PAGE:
Getting away from it all?
If you are planning a conference or event of significant size, then an out-of-town conferencing facility should almost certainly be one of the options to consider.
And if you do choose such a venue in the end, you will find that, in some ways at least, you have simplified your conference management tasks considerably.
Because, perforce, there will be only one supplier you can use, in practical terms, for most of the things you need to deliver your conference. The up-side of this is that you have only one supplier to deal with!
Also your attendees will have much less to do with the ‘outside world’ for the duration of the conference, than they otherwise might. People are not so likely to be absent from meetings and talks: there is less sight–seeing, and perhaps also, night-life, to become involved with.
In addition, you don’t have to learn anything much about the local public transport system, once you’ve worked out (or negotiated with the venue management) how to get people to and from the venue efficiently.
So all this makes things as simple as they can possibly be – Yes?
Well, yes and no, of course. The relative isolation of an out-of-town facility does have advantages, but it also means that, if something goes wrong and the staff of the venue can’t help you, then you may have a severe logistical problem on hand – exacerbated by transport difficulties.
When you are expecting – quite rightly – that the conferencing facility itself will provide everything as promised, and also act as kind of safety net if something goes wrong, then the most critical issues all boil down to effective communication.
It is especially important that you make it clear to the management of the establishment what you want, and that they make it equally clear just what they are committing to deliver.
Often this can be achieved via a process involving a document known as the RFP (Request For Proposal). RFPs are worthy of being treated as a subject in their own right, but let us say here, in brief, that the RFP is a specification of what you require from the venue; their response will be in terms of how, and how much it will cost.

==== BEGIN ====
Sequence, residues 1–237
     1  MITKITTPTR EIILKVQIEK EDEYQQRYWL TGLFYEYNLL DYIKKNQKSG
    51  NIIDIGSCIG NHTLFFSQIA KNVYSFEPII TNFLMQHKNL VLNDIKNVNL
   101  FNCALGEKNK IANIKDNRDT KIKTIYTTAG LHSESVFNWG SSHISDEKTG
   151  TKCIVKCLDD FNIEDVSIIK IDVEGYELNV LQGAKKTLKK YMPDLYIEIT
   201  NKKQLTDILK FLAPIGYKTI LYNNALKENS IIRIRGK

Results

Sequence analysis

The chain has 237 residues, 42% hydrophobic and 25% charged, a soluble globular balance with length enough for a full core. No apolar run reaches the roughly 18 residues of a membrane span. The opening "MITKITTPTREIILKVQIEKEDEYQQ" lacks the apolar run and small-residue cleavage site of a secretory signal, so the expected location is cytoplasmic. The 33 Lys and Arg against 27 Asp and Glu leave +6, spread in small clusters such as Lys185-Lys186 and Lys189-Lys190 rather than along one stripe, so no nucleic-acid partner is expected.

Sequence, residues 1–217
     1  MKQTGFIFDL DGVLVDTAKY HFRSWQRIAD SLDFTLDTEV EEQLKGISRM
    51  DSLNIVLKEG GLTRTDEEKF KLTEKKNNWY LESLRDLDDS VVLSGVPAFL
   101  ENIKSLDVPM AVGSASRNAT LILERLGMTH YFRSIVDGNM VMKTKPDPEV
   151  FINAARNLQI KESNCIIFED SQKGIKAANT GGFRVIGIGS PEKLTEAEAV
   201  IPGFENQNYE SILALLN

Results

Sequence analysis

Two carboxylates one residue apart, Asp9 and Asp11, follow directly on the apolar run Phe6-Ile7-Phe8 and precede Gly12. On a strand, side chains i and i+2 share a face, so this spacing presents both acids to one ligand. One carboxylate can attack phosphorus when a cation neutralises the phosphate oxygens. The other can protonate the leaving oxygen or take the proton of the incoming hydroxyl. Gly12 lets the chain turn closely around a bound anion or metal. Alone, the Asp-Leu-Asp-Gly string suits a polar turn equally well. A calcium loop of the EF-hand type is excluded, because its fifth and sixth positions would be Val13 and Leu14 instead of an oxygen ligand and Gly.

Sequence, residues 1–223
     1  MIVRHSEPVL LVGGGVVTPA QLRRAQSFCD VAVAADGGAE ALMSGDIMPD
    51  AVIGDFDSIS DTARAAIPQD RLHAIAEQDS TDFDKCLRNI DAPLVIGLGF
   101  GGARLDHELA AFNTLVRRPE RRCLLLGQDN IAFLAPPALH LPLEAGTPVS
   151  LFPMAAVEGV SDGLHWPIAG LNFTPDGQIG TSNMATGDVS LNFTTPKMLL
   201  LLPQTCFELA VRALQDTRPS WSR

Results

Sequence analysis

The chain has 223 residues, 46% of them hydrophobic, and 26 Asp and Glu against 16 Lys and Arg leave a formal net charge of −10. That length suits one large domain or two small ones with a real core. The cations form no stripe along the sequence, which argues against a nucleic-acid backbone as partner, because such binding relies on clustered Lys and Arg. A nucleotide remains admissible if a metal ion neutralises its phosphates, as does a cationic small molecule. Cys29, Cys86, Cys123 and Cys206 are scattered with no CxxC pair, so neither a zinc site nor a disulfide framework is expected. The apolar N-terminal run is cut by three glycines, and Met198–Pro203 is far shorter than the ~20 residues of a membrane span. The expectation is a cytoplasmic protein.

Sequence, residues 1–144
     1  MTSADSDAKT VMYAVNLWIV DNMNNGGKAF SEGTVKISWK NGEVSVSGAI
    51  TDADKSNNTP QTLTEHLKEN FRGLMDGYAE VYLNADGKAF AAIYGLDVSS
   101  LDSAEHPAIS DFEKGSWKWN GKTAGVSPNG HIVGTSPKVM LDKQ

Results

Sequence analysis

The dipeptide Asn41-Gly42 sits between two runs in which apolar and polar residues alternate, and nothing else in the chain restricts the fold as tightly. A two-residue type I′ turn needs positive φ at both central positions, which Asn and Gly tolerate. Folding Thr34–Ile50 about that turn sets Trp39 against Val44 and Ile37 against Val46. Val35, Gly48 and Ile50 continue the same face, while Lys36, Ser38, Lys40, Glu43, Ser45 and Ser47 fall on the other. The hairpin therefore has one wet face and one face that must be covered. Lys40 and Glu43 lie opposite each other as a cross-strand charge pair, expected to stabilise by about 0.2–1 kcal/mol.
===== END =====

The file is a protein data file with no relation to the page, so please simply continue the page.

Whether you use an RFP or not be clear about your needs, and when considering a venue ‘miles from anywhere’ remember that there are a few extra things which will more than come in handy.
For instance a business centre in-house, or at least the use of the establishment’s photocopying facilities etc, and it may well be worth considering organising some entertainment: you want to attract people to the conference, and you don’t want them going stir crazy when they get there.
It’s really not sufficient just to pick a venue which (at least on paper) offers the right facilities at the right price.
A site visit is a must in order to verify that what is offered in the web-site/brochure, corresponds to reality in a meaningful way, and also, to get a feel for the organisation that you’ll be dealing with.
An ‘official’ visit, can achieve a great deal. You should expect to meet the staff who will be responsible for your event (in the case of senior staff at least, these should be the ones who will be ‘on shift’ when your event is scheduled). There should be adequate time allocated, by them, to discuss the issues, and give you the ‘grand tour’.
But before this formal meeting, it is a good idea, if possible, to go under-cover and make a surreptitious, unannounced visit; if the facility is also a hotel, then just go as an ordinary guest. This is the best way for you to get the feel of the place as a whole; how do the senior and junior staff interact? How does the organisation work from the point of view of an ordinary ‘punter’.
By going for a major, out-of-town conferencing facility, you are, it would seem, making things as simple as possible for yourself, putting the problem into one neat compartment.
But that doesn’t mean there are no particular issues involved in taking this route. Effective communication and management is still a priority, and whoever else might be involved, you will be the person at which the buck ultimately stops.